Agriculture
Middle school science adventures
Microbes at the Gas Pump
Seeds of the Future
Amphibians
Tree Frogs
Toads
Bullfrogs
Animals
Crocodile Hearts
Putting a Mouse on Pause
Glimpses of a Legendary Woodpecker
Behavior
Ear pain, weight gain
Lost Sight, Found Sound
Storing Memories before Bedtime
Birds
Kingfishers
Birds We Eat
Penguins
Chemistry and Materials
Diamond Glow
Sticky Silky Feet
Salt secrets
Computers
A New Look at Saturn's rings
Two monkeys see a more colorful world
A Light Delay
Dinosaurs and Fossils
A Living Fossil
Fingerprinting Fossils
Did Dinosaurs Do Handstands?
E Learning Jamaica
2014 GSAT Results for Jamaican Kids
Results of GSAT are in schools this week
E Learning in Jamaica WIN PRIZES and try our Fun Animated Games
Earth
Easy Ways to Conserve Water
Science loses out when ice caps melt
Petrified Lightning
Environment
Fishing for Fun Takes Toll
Plastic Meals for Seals
To Catch a Dragonfly
Finding the Past
Salt and Early Civilization
Stone Tablet May Solve Maya Mystery
Your inner Neandertal
Fish
Barracudas
Tilapia
Goldfish
Food and Nutrition
Recipe for Health
A Taste for Cheese
Packing Fat
GSAT English Rules
Who vs. That vs. Which
Whoever vs. Whomever
Adjectives and Adverbs
GSAT Exam Preparation Jamaica
GSAT Practice Papers | GSAT Mathematics | Maths
Ministry of Education Announces 82 GSAT Scholarships for 2010
Mastering The GSAT Exam
GSAT Exams Jamaica Scholarships
Results of GSAT are in schools this week
42,000 students will sit for the GSAT Exam in two weeks
GSAT Scholarship
GSAT Mathematics
Math Naturals
10 Common Mistakes When Preparing for the GSAT Math Test
Secrets of an Ancient Computer
Human Body
The tell-tale bacteria
Sun Screen
Foul Play?
Invertebrates
Black Widow spiders
Praying Mantis
Leeches
Mammals
Pitbulls
Golden Retrievers
Mouse
Parents
Choosing a Preschool: What to Consider
Expert report highlights the importance to parents of reading to children!
The Surprising Meaning and Benefits of Nursery Rhymes
Physics
The Pressure of Scuba Diving
Echoes of a Stretched Egg
The Mirror Universe of Antimatter
Plants
The algae invasion
Fungus Hunt
Sweet, Sticky Science
Reptiles
Turtles
Anacondas
Snakes
Space and Astronomy
A Dead Star's Dusty Ring
Baby Star
Rover Makes Splash on Mars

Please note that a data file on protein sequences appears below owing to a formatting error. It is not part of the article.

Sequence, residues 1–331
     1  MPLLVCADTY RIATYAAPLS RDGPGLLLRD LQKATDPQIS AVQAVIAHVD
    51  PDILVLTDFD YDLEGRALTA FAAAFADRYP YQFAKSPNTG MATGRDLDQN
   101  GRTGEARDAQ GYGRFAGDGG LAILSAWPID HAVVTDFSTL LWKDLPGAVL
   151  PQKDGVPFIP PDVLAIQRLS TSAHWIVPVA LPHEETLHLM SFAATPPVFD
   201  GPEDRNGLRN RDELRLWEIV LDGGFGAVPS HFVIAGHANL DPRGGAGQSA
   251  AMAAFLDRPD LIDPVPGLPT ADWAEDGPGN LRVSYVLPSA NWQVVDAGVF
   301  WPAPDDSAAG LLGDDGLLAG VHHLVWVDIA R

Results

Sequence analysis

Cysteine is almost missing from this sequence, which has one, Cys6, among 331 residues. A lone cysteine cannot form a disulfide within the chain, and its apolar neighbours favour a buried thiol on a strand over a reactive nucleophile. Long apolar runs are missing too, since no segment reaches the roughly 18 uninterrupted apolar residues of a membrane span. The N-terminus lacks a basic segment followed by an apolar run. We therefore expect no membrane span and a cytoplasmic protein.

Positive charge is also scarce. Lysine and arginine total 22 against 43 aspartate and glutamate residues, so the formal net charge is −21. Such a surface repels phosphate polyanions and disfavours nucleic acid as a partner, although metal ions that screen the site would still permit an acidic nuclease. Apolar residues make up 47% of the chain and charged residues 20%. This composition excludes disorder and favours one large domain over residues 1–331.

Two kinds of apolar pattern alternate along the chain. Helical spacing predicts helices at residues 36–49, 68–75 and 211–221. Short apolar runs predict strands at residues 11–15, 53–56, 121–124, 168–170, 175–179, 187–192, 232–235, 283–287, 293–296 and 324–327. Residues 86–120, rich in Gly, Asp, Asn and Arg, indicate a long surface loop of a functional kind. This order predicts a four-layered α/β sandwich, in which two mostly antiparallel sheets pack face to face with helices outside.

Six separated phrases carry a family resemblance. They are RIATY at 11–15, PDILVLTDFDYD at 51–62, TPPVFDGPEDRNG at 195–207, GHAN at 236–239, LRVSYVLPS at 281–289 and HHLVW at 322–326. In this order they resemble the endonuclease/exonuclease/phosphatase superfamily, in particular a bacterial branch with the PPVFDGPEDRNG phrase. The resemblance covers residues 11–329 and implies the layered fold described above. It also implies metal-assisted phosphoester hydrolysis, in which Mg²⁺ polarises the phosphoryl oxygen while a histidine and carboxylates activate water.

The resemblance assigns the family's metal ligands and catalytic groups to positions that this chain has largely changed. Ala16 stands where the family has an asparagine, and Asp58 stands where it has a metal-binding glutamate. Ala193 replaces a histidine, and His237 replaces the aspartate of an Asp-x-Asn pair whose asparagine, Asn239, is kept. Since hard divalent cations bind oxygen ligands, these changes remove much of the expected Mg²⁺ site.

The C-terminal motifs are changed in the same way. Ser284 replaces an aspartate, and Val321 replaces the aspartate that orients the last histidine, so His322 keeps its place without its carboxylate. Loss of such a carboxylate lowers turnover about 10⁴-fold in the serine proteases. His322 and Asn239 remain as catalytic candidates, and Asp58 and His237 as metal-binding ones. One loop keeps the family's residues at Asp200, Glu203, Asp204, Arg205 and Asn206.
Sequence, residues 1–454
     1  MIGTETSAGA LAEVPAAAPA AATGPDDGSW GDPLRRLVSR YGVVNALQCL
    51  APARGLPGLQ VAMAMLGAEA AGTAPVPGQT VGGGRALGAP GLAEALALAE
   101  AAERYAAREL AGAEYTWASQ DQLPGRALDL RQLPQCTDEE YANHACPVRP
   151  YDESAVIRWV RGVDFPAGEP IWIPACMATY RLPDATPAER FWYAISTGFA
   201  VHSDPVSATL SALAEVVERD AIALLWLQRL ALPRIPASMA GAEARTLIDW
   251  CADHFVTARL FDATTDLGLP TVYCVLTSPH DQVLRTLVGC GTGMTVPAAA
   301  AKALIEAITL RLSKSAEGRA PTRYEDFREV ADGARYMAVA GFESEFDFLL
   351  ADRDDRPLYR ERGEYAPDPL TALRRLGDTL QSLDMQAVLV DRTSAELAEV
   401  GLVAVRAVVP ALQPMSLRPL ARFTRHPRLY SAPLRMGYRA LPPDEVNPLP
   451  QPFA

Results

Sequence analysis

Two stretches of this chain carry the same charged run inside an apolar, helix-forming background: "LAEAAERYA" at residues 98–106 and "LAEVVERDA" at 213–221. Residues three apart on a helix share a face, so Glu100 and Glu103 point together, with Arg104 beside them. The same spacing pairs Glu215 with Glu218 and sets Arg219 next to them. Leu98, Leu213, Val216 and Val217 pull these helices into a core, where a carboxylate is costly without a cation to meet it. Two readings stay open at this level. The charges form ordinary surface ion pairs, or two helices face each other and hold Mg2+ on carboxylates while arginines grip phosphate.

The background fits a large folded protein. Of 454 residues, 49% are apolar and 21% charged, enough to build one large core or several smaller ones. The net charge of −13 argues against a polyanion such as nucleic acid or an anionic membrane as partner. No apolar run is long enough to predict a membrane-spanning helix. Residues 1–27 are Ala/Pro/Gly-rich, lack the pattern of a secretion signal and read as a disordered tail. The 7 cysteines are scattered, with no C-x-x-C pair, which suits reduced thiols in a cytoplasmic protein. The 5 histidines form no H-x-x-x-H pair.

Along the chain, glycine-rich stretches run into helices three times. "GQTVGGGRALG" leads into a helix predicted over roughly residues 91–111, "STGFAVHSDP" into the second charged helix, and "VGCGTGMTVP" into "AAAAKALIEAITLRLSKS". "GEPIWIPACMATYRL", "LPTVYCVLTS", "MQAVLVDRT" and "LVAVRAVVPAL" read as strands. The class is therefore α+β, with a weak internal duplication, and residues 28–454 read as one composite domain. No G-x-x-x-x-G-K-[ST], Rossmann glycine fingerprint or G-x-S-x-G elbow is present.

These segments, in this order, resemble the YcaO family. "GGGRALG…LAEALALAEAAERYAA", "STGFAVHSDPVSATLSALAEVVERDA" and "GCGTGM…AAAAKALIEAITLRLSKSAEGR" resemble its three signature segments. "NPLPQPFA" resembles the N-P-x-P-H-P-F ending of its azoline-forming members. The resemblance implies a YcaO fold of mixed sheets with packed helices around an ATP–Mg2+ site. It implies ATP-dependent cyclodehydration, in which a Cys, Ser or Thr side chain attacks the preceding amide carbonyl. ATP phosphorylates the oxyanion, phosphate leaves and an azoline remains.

Technology and Engineering
Machine Copy
A Clean Getaway
Crime Lab
The Parts of Speech
Pronouns
What is a Verb?
Problems with Prepositions
Transportation
Charged cars that would charge
Revving Up Green Machines
Are Propellers Fin-ished?
Weather
The solar system's biggest junkyard
A Change in Climate
Warmest Year on Record
Add your Article

A Human Migration Fueled by Dung?

If you think traveling to Alaska in the winter sounds cold today, imagine what it was like thousands of years ago.

Before the invention of central heating and hot cocoa, it would have been too cold for people to migrate to North America through the frigid tundra—without trees or firewood. Or so scientists thought.

Now, researchers suggest that our ancestors could have survived cold-weather travel if they had taken advantage of all the dung lying around.

More than 50,000 years ago, Alaska was connected to northern Russia by a land bridge that is now largely underwater. Yet people didn’t make the crossing until about 14,000 years ago, according to archaeological and genetic evidence. Scientists have long blamed the delay on cold weather and a lack of fuel for heating and cooking.

That might not be the best explanation, says David Rhode of the Desert Research Institute in Reno, Nev., who has studied the dung-burning habits of modern Tibetans. To heat their tents and cook their food, Rhode has observed, a single family living on the Tibetan Plateau burns between 25 and 40 kilograms of dried yak dung in the summer and twice that in the winter. That’s a lot of dung. But the Tibetans are pretty efficient dung-gatherers.

A wintry landscape in the region once linked by the Bering Land Bridge.

A wintry landscape in the region once linked by the Bering Land Bridge.

National Park Service

Thousands of years ago, Rhode says, the route from Russia to Alaska would have been bursting with big plant-eating animals, like bison, mammoths, horses, and wooly rhinoceroses. With animals comes waste. There should have been plenty of dried dung to fuel the trip.

So, why the delay? Maybe our ancestors took a while to realize the value of the poop along their path!—E. Sohn

 

A Human Migration Fueled by Dung?
A Human Migration Fueled by Dung?








Designed and Powered by HBJamaica.com™